Although they did not test the drugs in humans, the researchers analyzed clinical data from people with melanoma, colon, lung, cervical and pancreatic cancer; they found that people with higher levels of MAOA gene expression in their tumors had, on average, shorter survival times. This suggests that targeting MAOA with MAOIs could potentially help treat a wide range of cancers.

Yang and coworkers are already planning additional studies to test the effectiveness of MAOIs in stimulating the response of human immune cells to various cancers.

Yang said MAOIs could potentially act on both the brain and immune cells of cancer patients, which are up to four times more likely than the general population to experience depression.

“We suspect that reuse of MAOIs for cancer immunotherapy may provide patients with both antidepressant and anti-tumor benefits,” she said.

The experimental combination therapy in the study has been used in preclinical testing only and has not been studied in humans or approved by the Food and Drug Administration as safe and effective for use in humans. The newly identified therapeutic strategy is covered by a patent application filed by the UCLA Technology Development Group on behalf of the Regents of the University of California, with Yang, Xi Wang and Yu-Chen Wang as co-inventors.


The research was supported by Stop Cancer, the Broad Stem Cell Research Center Rose Hills Foundation Innovator Grant and Stem Cell Training Program, the UCLA Jonsson Comprehensive Cancer Center and the Broad Stem Cell Research Center Ablon Scholars Program, the Magnolia Council of Tower Cancer Research Foundation and the National Institutes of Health, including a Ruth L. Kirschstein National Research Service Award.

Warning: AAAS and EurekAlert! are not responsible for the accuracy of any press releases posted on EurekAlert! by contributing institutions or for the use of any information via the EurekAlert system.

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What is nutritional psychiatry? For starters, it’s delicious Wed, 09 Jun 2021 14:00:00 +0000

“We are human,” says Dr Naidoo. “Instead of judging yourself if you have a piece of cake, take advantage of it and move on. People shouldn’t hang on to diet war rules like “you can never eat bread or cake” or anything. In other words, Pizza Fridays won’t make or break your body’s microbiome, and it certainly shouldn’t break your mind. With that said, here are some steps you can take to support a healthy eating-mood relationship.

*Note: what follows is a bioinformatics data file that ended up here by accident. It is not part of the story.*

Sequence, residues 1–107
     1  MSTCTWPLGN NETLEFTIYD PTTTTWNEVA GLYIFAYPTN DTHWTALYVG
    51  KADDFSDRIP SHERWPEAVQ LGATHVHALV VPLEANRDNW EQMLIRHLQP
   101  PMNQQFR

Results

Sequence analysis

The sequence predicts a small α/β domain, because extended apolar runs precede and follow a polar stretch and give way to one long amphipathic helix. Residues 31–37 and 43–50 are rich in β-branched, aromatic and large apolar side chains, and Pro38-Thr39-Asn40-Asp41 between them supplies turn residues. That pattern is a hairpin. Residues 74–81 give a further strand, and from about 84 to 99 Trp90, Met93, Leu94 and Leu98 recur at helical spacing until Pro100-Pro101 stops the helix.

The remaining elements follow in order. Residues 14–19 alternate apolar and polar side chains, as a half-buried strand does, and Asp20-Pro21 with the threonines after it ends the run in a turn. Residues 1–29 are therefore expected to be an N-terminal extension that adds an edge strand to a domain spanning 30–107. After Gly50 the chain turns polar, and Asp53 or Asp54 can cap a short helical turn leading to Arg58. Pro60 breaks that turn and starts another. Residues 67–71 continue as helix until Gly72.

Limit sugar (including artificial sweeteners) and processed foods.

Many processed foods combine “empty” calories with other chemicals and additives, like colors, preservatives, fillers, and sugary ingredients that can cause inflammation, which “makes our brains depressed, anxious, and so on. blur “, explains Drew ramsey, MD, clinical psychiatrist, professor, author and expert in nutritional psychiatry. “It’s pretty clear at this point.”

A sugar-fed gut microbiome craves sugar. Sugar causes inflammation and is linked to lower levels of BDNF, a protein that helps our brains adapt to stress. Artificial sweeteners like aspartame and saccharin are also on the banned list, due to potentially toxic effects on mood-regulating neurotransmitters and chemical synthesis in the brain. I’m sad to say that simple carbohydrates, like white rice and pasta, fall under the category of sugar; they quickly break down into glucose (sugar) in the body. Much of their nutritional value, like fiber and vitamins, has also been removed.

Add lots of colorful vegetables, legumes and leafy greens.

You may already know the old adage: “eat the rainbow”. Replace unnecessary inflammatory or nutritionally neutral foods with dark chocolate, peppers, citrus fruits, berries, leafy greens, lentils, asparagus, broccoli, berries, you get the idea. These foods contain healthy fiber for the microbiome and mood-enhancing vitamins and minerals, such as iron, folic acid, magnesium, zinc, and vitamins A and B.

Incorporate probiotics.